In an unexpected move, The Church of Jesus Christ of Latter-day Saints gave its support Tuesday to a proposed federal law that would codify marriages between same-sex couples.
The Utah-based faith’s doctrine “related to marriage between a man and a woman is well known and will remain unchanged,” the church stated in a news release. “We are grateful for the continuing efforts of those who work to ensure the Respect for Marriage Act includes appropriate religious freedom protections while respecting the law and preserving the rights of our LGBTQ brothers and sisters.”
The church’s remarks come after the act’s sponsors added an amendment to the House-passed bill exempting religious organizations, including faith-based universities, from providing “services, accommodations, advantages, facilities, goods or privileges for the solemnization or celebration of a marriage.” Neither could the act be used to alter the tax-exempt status of any organization.
The amendment also specified that the measure did not extend to polygamous marriages.
“We believe this approach is the way forward,” the church release said. “As we work together to preserve the principles and practices of religious freedom together with the rights of LGBTQ individuals, much can be accomplished to heal relationships and foster greater understanding.”
Troy Williams, executive director of Equality Utah, was “heartened to see The Church of Jesus Christ of Latter-day Saints publicly take this stance today.”
He added: “Despite differences we may have, we can always discover common ground on policies and laws that support the strengthening of all families.”
Williams also stressed that while the latest version of the act “clearly acknowledges and protects the diversity of American religious and other beliefs, it does not do so at the expense” of its aim of “to safeguard marriage equality.”
‘A dramatic reversal’
Taylor Petrey, a religion professor at Michigan’s Kalamazoo College and author of “Tabernacles of Clay: Sexuality and Gender in Modern Mormonism,” called the church’s statement “a dramatic reversal of previous teachings.”
Dating as far back as the 1970s, he said, the faith has combated efforts to legalize same-sex marriage, which it framed “as a threat to children, churches and the nation as a whole.”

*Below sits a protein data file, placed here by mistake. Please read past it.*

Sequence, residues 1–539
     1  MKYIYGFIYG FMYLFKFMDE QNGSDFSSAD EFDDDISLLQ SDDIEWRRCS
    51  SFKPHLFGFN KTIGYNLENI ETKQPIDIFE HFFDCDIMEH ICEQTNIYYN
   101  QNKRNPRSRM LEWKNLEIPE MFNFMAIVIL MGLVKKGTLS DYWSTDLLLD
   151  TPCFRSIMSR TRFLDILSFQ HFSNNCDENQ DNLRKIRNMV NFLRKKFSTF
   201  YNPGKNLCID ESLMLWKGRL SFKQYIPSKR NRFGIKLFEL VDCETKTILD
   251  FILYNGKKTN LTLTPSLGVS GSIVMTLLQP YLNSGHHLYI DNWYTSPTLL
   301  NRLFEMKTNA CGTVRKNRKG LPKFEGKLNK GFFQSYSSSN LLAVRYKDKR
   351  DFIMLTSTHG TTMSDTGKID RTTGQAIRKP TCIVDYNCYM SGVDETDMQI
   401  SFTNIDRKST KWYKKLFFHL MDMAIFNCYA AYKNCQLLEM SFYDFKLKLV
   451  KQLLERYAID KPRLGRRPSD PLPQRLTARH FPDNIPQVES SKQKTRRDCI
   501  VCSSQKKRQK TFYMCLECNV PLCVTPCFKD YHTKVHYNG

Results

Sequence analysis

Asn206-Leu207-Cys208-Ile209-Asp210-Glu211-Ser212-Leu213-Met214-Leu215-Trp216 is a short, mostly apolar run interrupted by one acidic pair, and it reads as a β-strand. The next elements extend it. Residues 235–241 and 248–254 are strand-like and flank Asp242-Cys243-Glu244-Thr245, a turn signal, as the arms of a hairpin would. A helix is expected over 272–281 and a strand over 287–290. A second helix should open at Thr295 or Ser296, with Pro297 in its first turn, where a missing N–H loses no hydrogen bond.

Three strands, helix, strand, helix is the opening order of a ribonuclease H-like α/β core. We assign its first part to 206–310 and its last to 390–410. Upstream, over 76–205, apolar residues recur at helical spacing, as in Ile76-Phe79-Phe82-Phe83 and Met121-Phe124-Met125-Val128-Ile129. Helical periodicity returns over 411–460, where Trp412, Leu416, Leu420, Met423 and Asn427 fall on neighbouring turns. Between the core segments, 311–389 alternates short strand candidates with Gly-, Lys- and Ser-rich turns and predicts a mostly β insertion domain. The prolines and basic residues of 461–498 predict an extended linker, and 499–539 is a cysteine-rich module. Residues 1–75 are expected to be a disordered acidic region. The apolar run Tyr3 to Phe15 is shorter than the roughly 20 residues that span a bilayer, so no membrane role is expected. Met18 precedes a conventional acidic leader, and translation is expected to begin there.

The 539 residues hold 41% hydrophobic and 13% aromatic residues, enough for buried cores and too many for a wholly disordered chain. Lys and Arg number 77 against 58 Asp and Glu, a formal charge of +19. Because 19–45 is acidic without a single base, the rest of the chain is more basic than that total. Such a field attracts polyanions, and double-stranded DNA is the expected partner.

These efforts reached a crescendo 14 years ago when the church put its members and its money squarely behind California’s Proposition 8 to oppose same-sex marriage.
The Supreme Court’s ruling legalizing those unions came seven years later. Since then, Latter-day Saint leaders appear to have largely pivoted away from messaging around opposing the legalization of same-sex marriage and have emphasized instead their concern around protections of religious freedom.
If the church were to reverse course, Petrey said, now would be the time.
“This summer, when the Supreme Court overturned Roe v. Wade,” he said, “some conservatives suggested that overturning Obergefell, the 2015 decision granting same-sex marriage rights, was next on the chopping block.”
The Respect for Marriage Act was drafted in direct response to that threat.
“That Latter-day Saints have chosen to support the Democratic-backed law in this environment when some conservatives are gearing up to revive this fight,” Petrey said, “signals a major break with other members of the religious right.”
The professor noted that this apparent shift is in keeping with other examples of “growth and accommodation of church teachings” employed by the Latter-day Saint leaders in response to changing social norms, including issues regarding race, birth control, women in the workforce and more.
Sustaining the law of the land
Patrick Mason, head of Mormon history and culture at Utah State University, takes a more modest approach to interpreting the church’s endorsement of the bill.
“This seems entirely consistent with where they’ve been going since 2015,” Mason said in an interview. “…What they always wanted was that they weren’t going to have to perform same-sex marriages in temples. But apparently they seem satisfied” that won’t happen under the new bill.
Mason told The Associated Press, meanwhile, that the move is “part of the church’s overall theology essentially sustaining the law of the land, recognizing that what they dictate and enforce for their members in terms of their behavior is different than what it means to be part of a pluralistic society.”